La Chanson de Roland
Accès complet et GRATUIT à cette fiche de lecture pour nos membres.
Okonkwo—The main character of the novel. He may be said to be the hero, but he is not technically a heroic character. He is, rather, a realistic depiction of a proud and action-oriented man of a native tribe in Nigeria. His overwhelming motive in life is a fear of failure, of becoming like his father. When the white men arrive, he tries to resist them, but is unsupported by the rest of the tribe. His attempt at war fails, and he hangs himself.
Unoka—Okonkwo’s father. He is a lazy but gentle man whose sole ambition in life is to relax and play music. His crops always fail, and he is eternally in debt. Still, he has friends, even though many mock him. He is a constant source of humiliation for Okonkwo, who strives to be his exact opposite. Ironically, both come to bad ends: Unoka is carried off to the Evil Forest, and Okonkwo (in an act of abomination) takes his own life.
Nwoye—Nwoye is Okonkwo’s son. He is not very much like his father, who is much too strict with him. Nwoye is drawn to the religion of the missionaries because it speaks to something better and higher in himself. He is, however, a complete disappointment to Okonkwo, who considers him womanlike. Both Nwoye and Okonkwo ultimately reject one another.
Ikemefuna—He is a boy who is sacrificed to the Umuofia clan after his tribe kills the wife of a man in Umuofia. For three years he lives with Okonkwo and becomes fast friends with Nwoye. Okonkwo himself is very fond of the boy. When the Oracle declares that it is time for the boy to be killed, however, Okonkwo does not resist cutting him down with his machete. His death haunts Okonkwo and is a great impetus in turning Nwoye away from his father.
Obierika—He is Okonkwo’s loyal friend. He watches after his yams while Okonkwo is in exile. He also visits Okonkwo while the latter is living in his motherland, and is the first one to speak of the appearance of the white man. He is the one who reveals Okonkwo’s corpse to the District Commissioner at the end of the novel.
Ekwefi—She is one of Okonkwo’s wives. She married Okonkwo after leaving her husband: She simply went to Okonkwo’s hut, and he took her to bed. She is friends with Chielo and speaks to her of family matters. It is after Okonkwo attempts to kill Ekwefi that Chielo demands the sacrifice of Ikemefuna.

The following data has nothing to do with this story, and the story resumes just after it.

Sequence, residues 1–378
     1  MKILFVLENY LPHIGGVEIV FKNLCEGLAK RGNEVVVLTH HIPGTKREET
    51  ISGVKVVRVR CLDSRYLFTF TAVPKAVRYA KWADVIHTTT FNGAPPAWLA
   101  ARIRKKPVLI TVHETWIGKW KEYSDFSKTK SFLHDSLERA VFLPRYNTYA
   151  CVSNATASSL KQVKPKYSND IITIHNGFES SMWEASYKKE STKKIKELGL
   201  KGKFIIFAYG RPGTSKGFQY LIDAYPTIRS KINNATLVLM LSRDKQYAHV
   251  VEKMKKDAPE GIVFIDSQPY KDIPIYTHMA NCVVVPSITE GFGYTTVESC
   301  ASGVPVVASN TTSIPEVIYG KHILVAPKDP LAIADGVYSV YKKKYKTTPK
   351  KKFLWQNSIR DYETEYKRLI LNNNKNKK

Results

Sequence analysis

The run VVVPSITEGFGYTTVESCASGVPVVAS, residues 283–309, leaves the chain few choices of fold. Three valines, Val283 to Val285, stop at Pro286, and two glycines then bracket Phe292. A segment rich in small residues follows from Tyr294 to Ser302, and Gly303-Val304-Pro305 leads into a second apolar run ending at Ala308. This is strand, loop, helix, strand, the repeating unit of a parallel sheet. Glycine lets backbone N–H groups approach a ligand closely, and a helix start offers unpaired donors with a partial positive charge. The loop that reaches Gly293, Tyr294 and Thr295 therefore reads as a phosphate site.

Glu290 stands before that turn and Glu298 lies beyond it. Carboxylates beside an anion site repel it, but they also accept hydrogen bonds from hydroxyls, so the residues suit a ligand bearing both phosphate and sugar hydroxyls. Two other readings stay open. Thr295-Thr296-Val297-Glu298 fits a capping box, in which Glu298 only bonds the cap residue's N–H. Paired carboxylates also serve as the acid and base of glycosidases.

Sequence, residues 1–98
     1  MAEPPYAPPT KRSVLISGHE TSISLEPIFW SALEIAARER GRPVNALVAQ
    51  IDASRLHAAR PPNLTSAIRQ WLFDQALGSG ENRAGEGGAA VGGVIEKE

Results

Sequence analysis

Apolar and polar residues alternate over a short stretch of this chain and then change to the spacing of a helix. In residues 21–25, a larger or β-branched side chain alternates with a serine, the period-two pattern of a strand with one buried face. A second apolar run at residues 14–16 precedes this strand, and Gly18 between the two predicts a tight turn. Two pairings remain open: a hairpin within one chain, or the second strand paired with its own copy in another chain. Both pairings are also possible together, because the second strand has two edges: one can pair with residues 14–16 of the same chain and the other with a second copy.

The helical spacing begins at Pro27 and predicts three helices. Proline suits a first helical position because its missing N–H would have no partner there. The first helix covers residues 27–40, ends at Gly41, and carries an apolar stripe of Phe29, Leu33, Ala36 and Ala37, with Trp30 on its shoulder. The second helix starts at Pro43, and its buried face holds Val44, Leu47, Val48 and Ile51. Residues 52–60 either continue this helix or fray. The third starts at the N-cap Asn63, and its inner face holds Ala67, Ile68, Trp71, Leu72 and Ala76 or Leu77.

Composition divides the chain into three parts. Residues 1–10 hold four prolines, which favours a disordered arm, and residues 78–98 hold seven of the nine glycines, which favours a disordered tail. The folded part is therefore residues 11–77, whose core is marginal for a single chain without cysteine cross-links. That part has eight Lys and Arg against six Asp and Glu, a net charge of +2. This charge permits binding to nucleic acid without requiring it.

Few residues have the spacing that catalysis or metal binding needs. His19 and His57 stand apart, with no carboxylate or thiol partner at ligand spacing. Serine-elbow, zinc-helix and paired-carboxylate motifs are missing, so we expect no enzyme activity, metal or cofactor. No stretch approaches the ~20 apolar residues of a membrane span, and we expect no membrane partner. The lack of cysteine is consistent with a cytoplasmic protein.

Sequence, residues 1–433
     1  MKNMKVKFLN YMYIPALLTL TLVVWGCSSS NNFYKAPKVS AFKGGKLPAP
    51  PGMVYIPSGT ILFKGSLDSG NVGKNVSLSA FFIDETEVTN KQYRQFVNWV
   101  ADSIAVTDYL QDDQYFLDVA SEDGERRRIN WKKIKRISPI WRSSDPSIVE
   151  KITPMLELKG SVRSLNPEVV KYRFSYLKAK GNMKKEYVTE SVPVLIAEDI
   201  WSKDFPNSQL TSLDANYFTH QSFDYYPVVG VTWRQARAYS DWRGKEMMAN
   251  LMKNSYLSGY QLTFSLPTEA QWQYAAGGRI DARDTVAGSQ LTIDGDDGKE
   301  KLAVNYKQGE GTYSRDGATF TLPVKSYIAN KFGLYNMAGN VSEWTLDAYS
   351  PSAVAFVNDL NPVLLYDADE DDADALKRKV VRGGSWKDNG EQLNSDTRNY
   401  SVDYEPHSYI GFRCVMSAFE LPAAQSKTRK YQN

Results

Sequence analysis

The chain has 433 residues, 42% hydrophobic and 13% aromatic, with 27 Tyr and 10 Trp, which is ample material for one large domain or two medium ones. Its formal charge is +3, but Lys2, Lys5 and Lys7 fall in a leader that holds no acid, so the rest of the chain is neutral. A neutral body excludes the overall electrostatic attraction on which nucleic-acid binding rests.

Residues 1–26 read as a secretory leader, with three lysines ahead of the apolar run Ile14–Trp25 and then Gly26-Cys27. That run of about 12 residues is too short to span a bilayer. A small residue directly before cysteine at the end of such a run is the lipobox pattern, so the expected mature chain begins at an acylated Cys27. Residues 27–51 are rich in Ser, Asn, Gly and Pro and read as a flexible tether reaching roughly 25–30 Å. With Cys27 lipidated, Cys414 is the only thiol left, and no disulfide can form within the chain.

Ezinma—She is Ekwefi’s only surviving daughter. Okonkwo is fond of her, too, though he does not generally show it. He often thinks to himself that she is very intelligent and that it is a shame that she is not a boy.
Uchendu—He is Okonkwo’s uncle on his mother’s side. He receives Okonkwo and his family after they are exiled for Okonkwo’s accidental killing of a clansman. He attempts to teach humility to Okonkwo.
Chielo—She is the priestess of the Oracle. She steals Ezinma away when the girl is sick and carries her to the cave, where Ekwefi and Okonkwo follow and wait. In the morning, she returns the girl to her hut. In ordinary life, she is like any other woman, but when she is possessed of the spirit, she is somewhat startling and strange.
Mr. Kiaga—He is the interpreter for the missionaries who arrive. He is mostly kind and well-meaning. He accepts the outcasts into the church.
Mr. Brown—He is one of the white missionaries who tries to make headway with the natives. He starts a school and a small hospital and attempts to understand their thoughts and customs so as better to convert them. However, he is mostly interested in boosting the church’s numbers. Eventually he leaves due to bad health.
Mr. Smith—He replaces Mr. Brown. He is sterner and less kind. He cannot stand ignorance, just like Okonkwo cannot stand laziness and effeminacy. When the clan attacks the church, Mr. Smith is only spared because the clan is beholden to the memory of his predecessor.
District Commissioner—He views himself as a kind of benevolent dictator. He tricks the leaders of Umuofia into coming to see him under pretenses of a negotiation, and then he locks them up and does not release them until a fine has been paid. Upon viewing Okonkwo’s corpse, he reflects that he will have to include the man in his book, which is about civilizing the natives. It is an ironic thought, since he himself is only pretending to be civilized.
Enoch—He is one of the converts to the church. He tries to provoke the clan during one of their ceremonies. It is his provocation that compels Okonkwo and the others to attack the church—for which they are later arrested.
Egonwanne—He is the town crier mentioned toward the end of the novel. Okonkwo cannot tolerate him because he sees him as womanlike and believes he will try to convince the clan not to fight against the white men.Inscrivez-vous pour trouver des essais sur Turold >